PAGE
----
On the background of these requirements for sensor calibration, intercalibration and product validation, the subgroup on Calibration and Validation of the Committee on Earth Observing System (CEOS) formulated the following recommendation during the plenary session held in China at the end of 2004, with the goal of setting-up and operating an internet based system to provide sensor data, protocols and guidelines for these purposes: Background: Reference Datasets are required to support the understanding of climate change and quality assure operational services by Earth Observing satellites. The data from different sensors and the resulting synergistic data products require a high level of accuracy that can only be obtained through continuous traceable calibration and validation activities. Requirement: Initiate an activity to document a reference methodology to predict Top of Atmosphere (TOA) radiance for which currently flying and planned wide swath sensors can be intercompared, i.e. define a standard for traceability. Also create and maintain a fully accessible web page containing, on an instrument basis, links to all instrument characteristics needed for intercomparisons as specified above, ideally in a common format. In addition, create and maintain a database (e.g. SADE) of instrument data for specific vicarious calibration sites, including site characteristics, in a common format. Each agency is responsible for providing data for their instruments in this common format. Recommendation : The required activities described above should be supported for an implementation period of two years and a maintenance period over two subsequent years. The CEOS should encourage a member agency to accept the lead role in supporting this activity. CEOS should request all member agencies to support this activity by providing appropriate information and data in a timely manner. Instrumented Sites: Dunhuang, China, is one of eight instrumented sites that are CEOS Reference Test Sites. The CEOS instrumented sites are provisionally being called LANDNET. These instrumented sites are primarily used for field campaigns to obtain radiometric gain, and these sites can serve as a focus for international efforts, facilitating traceability and inter-comparison to evaluate biases of in-flight and future instruments in a harmonized manner.  In the longer-term it is anticipated that these sites will all be fully automated and provide surface and atmospheric measurements to the WWW in an autonomous manner reducing some of the cost of a manned campaign, at present three can operate in this manner.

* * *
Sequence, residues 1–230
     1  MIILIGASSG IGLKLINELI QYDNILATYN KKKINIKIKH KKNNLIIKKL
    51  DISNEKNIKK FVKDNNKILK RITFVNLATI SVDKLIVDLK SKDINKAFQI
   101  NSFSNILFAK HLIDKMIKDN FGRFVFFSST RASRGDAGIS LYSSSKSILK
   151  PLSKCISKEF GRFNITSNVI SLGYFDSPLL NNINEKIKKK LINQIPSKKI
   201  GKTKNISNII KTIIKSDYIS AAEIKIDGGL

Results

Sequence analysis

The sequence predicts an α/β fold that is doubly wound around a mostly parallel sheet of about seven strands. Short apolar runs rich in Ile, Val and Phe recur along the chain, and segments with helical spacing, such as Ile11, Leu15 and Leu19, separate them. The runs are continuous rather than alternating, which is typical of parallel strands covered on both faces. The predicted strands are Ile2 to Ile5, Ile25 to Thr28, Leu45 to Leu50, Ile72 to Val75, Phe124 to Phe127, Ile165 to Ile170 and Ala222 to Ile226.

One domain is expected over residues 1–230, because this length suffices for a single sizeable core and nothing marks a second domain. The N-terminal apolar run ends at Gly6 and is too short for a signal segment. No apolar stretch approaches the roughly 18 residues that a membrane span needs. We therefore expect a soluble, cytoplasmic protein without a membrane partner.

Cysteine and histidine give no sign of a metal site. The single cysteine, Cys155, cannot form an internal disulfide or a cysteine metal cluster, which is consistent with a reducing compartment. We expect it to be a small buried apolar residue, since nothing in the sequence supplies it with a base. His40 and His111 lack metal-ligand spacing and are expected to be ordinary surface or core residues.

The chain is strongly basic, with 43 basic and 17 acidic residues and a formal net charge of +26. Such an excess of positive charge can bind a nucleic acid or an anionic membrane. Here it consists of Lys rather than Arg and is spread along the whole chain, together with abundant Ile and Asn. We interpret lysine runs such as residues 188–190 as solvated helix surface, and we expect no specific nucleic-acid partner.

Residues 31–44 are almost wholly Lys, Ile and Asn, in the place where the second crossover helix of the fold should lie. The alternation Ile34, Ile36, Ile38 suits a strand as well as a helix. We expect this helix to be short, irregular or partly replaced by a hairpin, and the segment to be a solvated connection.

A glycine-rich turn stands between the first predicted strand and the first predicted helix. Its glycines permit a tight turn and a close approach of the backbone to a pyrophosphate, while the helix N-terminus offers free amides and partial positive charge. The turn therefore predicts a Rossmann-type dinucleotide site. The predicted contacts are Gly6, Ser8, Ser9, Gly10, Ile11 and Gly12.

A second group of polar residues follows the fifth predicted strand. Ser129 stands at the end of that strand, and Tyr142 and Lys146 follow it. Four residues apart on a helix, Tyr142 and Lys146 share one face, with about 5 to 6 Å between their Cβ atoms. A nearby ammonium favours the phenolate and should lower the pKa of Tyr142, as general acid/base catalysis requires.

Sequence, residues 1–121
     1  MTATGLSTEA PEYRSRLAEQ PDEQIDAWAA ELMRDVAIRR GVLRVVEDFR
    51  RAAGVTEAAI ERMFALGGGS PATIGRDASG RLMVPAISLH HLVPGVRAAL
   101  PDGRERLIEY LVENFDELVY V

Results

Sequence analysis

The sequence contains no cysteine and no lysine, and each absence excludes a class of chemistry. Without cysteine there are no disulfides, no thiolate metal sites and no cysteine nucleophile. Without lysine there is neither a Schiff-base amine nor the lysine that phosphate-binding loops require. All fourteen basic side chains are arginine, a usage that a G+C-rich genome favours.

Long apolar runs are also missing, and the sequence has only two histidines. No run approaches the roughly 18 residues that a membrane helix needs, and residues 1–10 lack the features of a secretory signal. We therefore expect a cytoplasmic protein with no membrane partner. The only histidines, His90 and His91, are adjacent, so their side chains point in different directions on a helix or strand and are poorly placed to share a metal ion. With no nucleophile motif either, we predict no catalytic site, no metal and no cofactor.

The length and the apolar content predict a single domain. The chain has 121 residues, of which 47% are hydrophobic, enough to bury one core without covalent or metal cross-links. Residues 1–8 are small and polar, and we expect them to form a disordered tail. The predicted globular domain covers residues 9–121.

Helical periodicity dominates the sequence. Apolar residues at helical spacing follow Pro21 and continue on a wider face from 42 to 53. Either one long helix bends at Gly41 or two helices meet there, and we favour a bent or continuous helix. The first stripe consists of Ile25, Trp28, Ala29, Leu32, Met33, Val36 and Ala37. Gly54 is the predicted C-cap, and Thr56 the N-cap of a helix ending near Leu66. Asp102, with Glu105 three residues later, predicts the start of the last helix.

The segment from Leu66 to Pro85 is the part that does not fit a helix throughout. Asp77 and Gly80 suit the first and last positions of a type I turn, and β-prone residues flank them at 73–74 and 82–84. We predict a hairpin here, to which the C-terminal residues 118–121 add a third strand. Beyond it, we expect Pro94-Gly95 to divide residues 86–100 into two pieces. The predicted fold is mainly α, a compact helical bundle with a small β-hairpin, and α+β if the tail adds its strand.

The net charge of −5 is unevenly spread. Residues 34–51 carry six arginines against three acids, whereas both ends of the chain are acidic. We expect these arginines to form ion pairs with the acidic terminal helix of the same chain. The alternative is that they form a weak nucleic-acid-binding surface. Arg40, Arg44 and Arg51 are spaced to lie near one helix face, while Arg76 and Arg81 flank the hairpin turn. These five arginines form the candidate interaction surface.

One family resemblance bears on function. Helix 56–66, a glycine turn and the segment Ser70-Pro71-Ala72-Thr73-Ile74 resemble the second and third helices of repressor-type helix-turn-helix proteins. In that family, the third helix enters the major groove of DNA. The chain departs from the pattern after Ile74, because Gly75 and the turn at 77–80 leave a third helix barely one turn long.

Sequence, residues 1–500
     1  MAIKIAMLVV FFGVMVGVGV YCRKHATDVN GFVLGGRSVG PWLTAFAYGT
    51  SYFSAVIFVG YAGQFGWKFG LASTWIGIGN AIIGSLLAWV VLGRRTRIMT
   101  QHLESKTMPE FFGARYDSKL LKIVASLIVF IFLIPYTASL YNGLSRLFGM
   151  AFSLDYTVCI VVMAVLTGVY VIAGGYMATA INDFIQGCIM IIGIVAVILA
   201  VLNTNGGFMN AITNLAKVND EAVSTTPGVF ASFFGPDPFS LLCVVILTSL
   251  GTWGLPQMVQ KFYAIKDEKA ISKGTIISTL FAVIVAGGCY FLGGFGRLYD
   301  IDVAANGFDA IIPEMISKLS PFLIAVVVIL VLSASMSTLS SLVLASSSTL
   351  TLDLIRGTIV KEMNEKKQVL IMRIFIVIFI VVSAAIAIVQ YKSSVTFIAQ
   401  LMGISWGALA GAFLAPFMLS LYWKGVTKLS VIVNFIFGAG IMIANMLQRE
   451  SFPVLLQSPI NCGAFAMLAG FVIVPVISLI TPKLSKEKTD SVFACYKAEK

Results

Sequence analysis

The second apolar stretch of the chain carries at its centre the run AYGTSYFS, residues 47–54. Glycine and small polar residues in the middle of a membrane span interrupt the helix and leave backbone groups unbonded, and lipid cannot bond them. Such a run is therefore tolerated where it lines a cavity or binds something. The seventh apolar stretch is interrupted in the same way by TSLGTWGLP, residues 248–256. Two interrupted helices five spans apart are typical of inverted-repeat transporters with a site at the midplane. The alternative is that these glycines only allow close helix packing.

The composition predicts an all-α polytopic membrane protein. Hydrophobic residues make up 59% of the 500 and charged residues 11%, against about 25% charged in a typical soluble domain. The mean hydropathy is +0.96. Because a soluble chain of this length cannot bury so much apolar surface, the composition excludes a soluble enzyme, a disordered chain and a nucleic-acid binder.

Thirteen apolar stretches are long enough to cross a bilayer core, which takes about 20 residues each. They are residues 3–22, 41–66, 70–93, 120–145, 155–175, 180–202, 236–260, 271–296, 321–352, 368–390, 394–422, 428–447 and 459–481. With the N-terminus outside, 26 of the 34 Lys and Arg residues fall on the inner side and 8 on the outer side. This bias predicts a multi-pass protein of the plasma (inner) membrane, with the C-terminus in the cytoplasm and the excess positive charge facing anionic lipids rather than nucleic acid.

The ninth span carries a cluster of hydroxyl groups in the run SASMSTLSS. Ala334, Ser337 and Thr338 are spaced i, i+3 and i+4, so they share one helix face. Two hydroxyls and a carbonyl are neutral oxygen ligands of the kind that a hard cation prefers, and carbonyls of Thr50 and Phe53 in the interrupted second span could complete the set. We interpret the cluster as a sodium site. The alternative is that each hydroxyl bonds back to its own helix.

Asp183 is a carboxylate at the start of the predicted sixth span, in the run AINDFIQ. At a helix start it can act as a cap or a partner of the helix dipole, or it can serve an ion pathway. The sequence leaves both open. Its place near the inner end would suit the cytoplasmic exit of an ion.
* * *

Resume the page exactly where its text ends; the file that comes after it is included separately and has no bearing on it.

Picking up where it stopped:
Links: Temporal Extent: Spatial Extent:
    Minimum Bounding Rectangle: 39 91.98 41.45 96.52

    USGS_LTA Short Name: CEOS_CalVal_Test_Site-Dunhuang-China Version ID: Not provided Unique ID: C1220566840-USGS_LTA